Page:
The personal stories behind Relay for Life
Thousands gathered in Mariucci Arena for the University of Minnesota’s Relay for Life on April 17 to light candles, share stories, and walk in remembrance of lost loved ones. The University’s Relay is the largest in the Midwest and the 8th largest in the entire nation, and is planned and hosted by the student group Colleges Against Cancer. Each year, Relay and Colleges Against Cancer raises over $100,000 dollars for cancer research and programs.
As remarkable as that number is, what’s really special about this event is the meaning that it carries for the numerous participants. One in three people will be diagnosed with some form of cancer in their lives, and everyone knows someone who has been affected by cancer.
Eric Noll, a junior studying genetics, cell biology, and development with plans to apply to medical school, is the current vice president of Colleges Against Cancer. But his involvement in Relay for Life predates his college experience: when he was in seventh grade, his mother was diagnosed with stage-three breast cancer.
“We were fortunate enough that she was referred to Mayo Clinic in Rochester where she had a great team of surgeons and oncologists,” Noll said.
His mother has been cancer-free for seven years, but she is not the only member of his family to have gone through that struggle. Noll’s grandmother is also a breast cancer survivor, and his great aunt has recently been diagnosed. The evident genetic predisposition to cancer in his family is something with which Noll is concerned.
“There’s always the startling reality that if I ever have children, and if one of them was a girl, god forbid she gets breast cancer.”
Because of this, Noll is particularly interested in educating college students on healthy behaviors to reduce the likelihood of cancer onset. Colleges Against Cancer works in this capacity as well.
“A big part of our group is the mission and advocacy factor and informing the campus about cancer prevention,” said Nate Wong, a senior studying graphic design and the current president of Colleges Against Cancer.
The University’s Relay is the largest in the Midwest and the 8th largest in the entire nation.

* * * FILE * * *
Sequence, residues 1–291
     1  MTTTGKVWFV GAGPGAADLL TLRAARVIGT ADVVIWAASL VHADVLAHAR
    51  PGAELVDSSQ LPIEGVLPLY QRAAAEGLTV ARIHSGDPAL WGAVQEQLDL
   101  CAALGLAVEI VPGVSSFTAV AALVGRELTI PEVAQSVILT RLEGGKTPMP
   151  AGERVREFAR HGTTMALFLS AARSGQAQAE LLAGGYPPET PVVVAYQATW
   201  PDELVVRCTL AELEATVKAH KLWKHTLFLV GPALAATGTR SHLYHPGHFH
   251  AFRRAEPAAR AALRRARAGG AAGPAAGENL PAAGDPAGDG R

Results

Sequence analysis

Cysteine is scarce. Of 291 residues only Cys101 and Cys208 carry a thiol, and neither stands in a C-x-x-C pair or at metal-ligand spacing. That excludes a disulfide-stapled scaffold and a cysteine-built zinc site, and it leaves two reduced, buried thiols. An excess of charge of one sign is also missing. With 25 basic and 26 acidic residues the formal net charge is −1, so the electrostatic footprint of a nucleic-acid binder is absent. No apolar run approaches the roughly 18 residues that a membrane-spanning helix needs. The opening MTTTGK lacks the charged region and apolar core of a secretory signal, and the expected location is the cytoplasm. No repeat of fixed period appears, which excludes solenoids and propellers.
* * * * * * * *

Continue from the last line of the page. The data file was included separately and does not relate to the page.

Their cleverly named events to promote healthier behaviors include the Saving Second Base 5K for breast cancer awareness, the Spike Out Skin Cancer volleyball tournament, and the Protect Your Balls dodgeball tournament for prostate cancer.
Colleges Against Cancer’s biggest and most anticipated event each year is Relay for Life, or as the group advertises it, “The one-night stand you won’t forget.” The preparation for this event begins essentially right after the previous one ends. The venue has to be chosen, the advertisements made, and the entertainment booked. This year’s Relay featured numerous student group acts including a capella groups, the marching band, and a few local bands.
While all of these activities are great, Wong said his favorite part of the event is the luminaria ceremony. A much more solemn aspect of Relay for Life, the luminaria ceremony gathers participants to honor those lost in the battle against cancer. A survivor comes to speak, or someone on a survivor’s behalf, and then the lights are dimmed and luminaria bags containing candles that display pictures of lost loved ones are lit. The ceremony also includes music, and a slideshow with pictures.
“It’s what gets people to come back every single year,” Noll said. “It gets you to remember why you’re doing it. But then it’s back to fun and back to fighting back.”
And fight back they do. Teams register with the American Cancer Society and can continue to fundraise well into August, long after the Relay for Life event ends. The money raised is then given to the American Cancer Society to help fund research and recovery programs for cancer patients.
“It’s what gets people to come back every single year,” Noll said. “It gets you to remember why you’re doing it.”
One of the recovery programs is Hope Lodge, located right outside of stadium village. Hope Lodge is a place where patients and their families can stay while they are receiving cancer treatment. Others include Road to Recovery, a program where volunteers drive patients to their treatment, and Look Good Feel Better, a campaign to help men and women undergoing changes in appearance due to treatment feel good about themselves.
But the main goal of Relay for Life’s mission is to learn how to stop and prevent cancer, which is why a great amount of the money raised goes to research. In Minnesota alone, the American Cancer Society invests $7.5 million for research to be done. Of that $7.5 million, $3.3 million goes directly to the University and is used to fund research at centers on campus. Knowing that actions are being taken, especially right here at our school, is a large part of what refuels the excitement each year.
“It is primarily about celebrating, remembering, and fighting back,” Wong said. Once again, Relay for Life saw Wong and Noll, and thousands of others with their own stories, turn up in order to celebrate the progress made, remember the lives lost, and continue the fight to end cancer for good.